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South Africa: President Zuma defies ANC, faces impeachment  

South Africa’s president Jacob Zuma has criticised his party, the Africa National Congress (ANC) for recalling him without taking him through the party’s disciplinary processes.

 “Why cut it now. I do have a problem, I joined the ANC when I was very young. I have been going to places knowing that I could be killed. It’s the first time that I feel the leadership is being unfair,” said Zuma, who was addressing the nation on TV for the first time since the debate on his premature exit.

The National Executive Committee of ANC on Tuesday recalled Zuma from the office of the president and duly informed him.

The party’s parliamentary caucus met on Wednesday and resolved to support a vote of no confidence motion against the president in Parliament, if he refuses to resign.

The speaker of Parliament consequently wrote to Julius Malema of the Economic Freedom Fighters, consenting to the request to move the motion forward to Thursday. It had earlier been scheduled for February 22.

The ANC caucus also agreed to make amendments to the EFF’s motion, specifically explaining why the ANC is supporting it.

Since Deputy President Cyril Ramaphosa was voted in as ANC party leader last year Zuma has faced mounting calls to end his second term as president early.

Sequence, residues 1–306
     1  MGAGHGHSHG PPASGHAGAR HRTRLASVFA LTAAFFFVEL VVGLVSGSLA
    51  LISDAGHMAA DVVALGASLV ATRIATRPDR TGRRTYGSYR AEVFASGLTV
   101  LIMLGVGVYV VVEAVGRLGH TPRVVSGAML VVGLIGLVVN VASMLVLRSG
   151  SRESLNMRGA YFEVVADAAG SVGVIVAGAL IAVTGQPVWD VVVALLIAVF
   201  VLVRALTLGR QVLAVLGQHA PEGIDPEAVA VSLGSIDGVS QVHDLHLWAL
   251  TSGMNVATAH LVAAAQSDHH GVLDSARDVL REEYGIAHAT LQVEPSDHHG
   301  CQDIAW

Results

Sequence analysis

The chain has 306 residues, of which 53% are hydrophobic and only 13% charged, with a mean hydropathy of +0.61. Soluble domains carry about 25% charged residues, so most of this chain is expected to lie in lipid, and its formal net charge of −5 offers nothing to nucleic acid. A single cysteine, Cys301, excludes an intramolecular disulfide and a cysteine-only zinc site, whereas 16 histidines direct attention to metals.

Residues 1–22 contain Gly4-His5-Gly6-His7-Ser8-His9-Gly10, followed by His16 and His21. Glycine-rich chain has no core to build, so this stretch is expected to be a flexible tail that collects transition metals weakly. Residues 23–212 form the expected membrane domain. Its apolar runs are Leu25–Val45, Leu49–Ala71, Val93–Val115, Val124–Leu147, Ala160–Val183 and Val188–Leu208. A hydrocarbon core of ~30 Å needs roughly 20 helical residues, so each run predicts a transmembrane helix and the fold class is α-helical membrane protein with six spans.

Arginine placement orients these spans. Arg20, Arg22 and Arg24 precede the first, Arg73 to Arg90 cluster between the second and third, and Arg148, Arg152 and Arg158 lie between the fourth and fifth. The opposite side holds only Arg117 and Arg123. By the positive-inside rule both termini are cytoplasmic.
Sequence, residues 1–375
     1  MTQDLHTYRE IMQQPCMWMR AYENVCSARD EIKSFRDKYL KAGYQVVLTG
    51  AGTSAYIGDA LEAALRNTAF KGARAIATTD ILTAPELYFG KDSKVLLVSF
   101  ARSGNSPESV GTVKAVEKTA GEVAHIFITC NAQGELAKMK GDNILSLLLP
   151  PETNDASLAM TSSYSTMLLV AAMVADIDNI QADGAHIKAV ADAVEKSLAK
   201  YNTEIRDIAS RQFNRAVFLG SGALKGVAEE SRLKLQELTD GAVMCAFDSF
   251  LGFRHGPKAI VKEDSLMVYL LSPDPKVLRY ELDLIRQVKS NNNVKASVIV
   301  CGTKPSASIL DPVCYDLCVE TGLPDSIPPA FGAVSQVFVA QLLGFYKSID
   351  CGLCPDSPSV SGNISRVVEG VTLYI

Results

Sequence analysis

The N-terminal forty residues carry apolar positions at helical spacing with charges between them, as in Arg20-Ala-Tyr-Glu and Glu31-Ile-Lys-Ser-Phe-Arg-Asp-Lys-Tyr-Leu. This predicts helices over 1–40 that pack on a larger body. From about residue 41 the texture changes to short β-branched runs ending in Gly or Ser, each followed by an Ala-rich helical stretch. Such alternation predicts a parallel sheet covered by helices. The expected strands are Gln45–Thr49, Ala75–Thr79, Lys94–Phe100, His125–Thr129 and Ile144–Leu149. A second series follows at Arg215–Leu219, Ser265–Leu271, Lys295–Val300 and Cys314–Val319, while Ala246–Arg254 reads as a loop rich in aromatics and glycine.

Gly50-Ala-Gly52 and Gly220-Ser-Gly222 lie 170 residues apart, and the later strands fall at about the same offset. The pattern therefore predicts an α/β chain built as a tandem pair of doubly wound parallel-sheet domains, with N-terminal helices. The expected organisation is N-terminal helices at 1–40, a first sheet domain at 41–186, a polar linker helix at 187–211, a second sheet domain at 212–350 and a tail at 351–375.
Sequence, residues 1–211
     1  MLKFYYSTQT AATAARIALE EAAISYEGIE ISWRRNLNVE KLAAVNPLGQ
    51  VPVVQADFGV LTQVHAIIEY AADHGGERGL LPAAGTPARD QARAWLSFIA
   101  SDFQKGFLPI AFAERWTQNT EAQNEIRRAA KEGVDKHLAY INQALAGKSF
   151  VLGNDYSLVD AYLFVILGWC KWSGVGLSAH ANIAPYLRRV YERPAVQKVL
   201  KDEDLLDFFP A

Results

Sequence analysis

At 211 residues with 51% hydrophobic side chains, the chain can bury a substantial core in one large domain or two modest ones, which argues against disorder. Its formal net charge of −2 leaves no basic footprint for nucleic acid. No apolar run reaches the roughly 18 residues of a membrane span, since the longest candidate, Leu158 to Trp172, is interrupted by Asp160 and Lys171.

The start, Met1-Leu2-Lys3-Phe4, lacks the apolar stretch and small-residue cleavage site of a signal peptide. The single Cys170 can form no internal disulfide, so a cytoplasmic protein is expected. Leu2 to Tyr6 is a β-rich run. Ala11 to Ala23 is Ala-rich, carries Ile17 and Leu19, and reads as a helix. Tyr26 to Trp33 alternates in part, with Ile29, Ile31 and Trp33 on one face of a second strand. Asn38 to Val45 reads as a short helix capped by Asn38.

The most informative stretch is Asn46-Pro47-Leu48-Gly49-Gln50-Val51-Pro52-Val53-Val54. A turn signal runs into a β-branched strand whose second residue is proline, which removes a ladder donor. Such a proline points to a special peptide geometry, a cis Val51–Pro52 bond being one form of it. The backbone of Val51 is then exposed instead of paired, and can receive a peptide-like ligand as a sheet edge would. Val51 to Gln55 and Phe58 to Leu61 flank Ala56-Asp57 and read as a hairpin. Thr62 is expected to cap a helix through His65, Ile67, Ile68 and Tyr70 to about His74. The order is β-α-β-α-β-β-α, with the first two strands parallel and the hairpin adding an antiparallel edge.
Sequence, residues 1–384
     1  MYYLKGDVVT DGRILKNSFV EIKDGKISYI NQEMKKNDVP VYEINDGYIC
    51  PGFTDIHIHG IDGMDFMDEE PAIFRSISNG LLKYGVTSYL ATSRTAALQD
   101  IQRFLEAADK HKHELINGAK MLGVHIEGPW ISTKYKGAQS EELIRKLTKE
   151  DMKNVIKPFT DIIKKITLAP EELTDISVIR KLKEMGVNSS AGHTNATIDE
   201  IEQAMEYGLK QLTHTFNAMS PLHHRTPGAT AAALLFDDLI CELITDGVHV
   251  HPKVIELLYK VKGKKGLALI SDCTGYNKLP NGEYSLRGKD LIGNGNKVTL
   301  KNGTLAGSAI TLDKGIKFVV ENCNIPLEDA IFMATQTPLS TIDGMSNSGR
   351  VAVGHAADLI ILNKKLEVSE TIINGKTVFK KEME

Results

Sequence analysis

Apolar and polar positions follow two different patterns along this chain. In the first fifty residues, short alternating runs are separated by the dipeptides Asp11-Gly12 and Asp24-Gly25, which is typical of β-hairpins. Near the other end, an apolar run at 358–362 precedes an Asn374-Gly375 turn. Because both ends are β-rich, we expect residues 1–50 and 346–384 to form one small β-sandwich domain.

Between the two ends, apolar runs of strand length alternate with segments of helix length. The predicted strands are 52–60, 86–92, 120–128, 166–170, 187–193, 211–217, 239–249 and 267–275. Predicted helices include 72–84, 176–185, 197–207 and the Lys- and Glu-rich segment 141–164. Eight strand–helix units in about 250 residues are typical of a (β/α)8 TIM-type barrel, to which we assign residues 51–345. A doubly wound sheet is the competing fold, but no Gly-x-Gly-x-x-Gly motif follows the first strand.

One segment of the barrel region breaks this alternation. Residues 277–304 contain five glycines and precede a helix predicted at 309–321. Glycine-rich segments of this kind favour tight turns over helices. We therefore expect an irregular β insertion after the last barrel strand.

Ramaphosa has pledged to tackle the corruption which has marred Zuma’s nine years in office.

Patience on the street has been wearing thin.

“If I was Zuma I would step down because his term is over. Everybody hates him, he better step down no ways,” says one young Sowetan man.

“I think it’s definitely time that he steps down, resigns and leaves office, and be prosecuted as well,” said another man.

Zuma’s presidency has been overshadowed by allegations of corruption although he’s not been found guilty of any of the accusations against him and he remains popular among loyal supporters.

Adira Kallo with agency

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“The level of corruption that has become an integral part of multiparty democracy has created a general climate of stress and tension that may destabilise some areas in our region. It is unfortunate that the world is being forced into multiparty democracy with corruption and violence rather than other forms of democratic practices with none or minimal corruption. Unfortunately, the West appears to favour corruptible political tendencies in order to continue to dominate our security and economy”